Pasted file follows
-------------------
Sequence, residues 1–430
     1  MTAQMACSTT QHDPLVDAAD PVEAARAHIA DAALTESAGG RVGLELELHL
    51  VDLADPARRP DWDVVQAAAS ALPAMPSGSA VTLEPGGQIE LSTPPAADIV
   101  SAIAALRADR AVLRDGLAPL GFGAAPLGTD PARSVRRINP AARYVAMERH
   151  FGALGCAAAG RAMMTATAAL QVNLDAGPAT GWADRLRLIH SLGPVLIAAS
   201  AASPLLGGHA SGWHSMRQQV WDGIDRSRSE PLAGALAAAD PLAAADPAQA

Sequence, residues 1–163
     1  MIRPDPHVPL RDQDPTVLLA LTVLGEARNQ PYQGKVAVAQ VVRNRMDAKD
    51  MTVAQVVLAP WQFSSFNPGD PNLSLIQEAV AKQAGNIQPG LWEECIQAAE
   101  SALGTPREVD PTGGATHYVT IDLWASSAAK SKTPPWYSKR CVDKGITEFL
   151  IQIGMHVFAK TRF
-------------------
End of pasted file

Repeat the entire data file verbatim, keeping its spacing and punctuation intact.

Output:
Sequence, residues 1–430
     1  MTAQMACSTT QHDPLVDAAD PVEAARAHIA DAALTESAGG RVGLELELHL
    51  VDLADPARRP DWDVVQAAAS ALPAMPSGSA VTLEPGGQIE LSTPPAADIV
   101  SAIAALRADR AVLRDGLAPL GFGAAPLGTD PARSVRRINP AARYVAMERH
   151  FGALGCAAAG RAMMTATAAL QVNLDAGPAT GWADRLRLIH SLGPVLIAAS
   201  AASPLLGGHA SGWHSMRQQV WDGIDRSRSE PLAGALAAAD PLAAADPAQA

Sequence, residues 1–163
     1  MIRPDPHVPL RDQDPTVLLA LTVLGEARNQ PYQGKVAVAQ VVRNRMDAKD
    51  MTVAQVVLAP WQFSSFNPGD PNLSLIQEAV AKQAGNIQPG LWEECIQAAE
   101  SALGTPREVD PTGGATHYVT IDLWASSAAK SKTPPWYSKR CVDKGITEFL
   151  IQIGMHVFAK TRF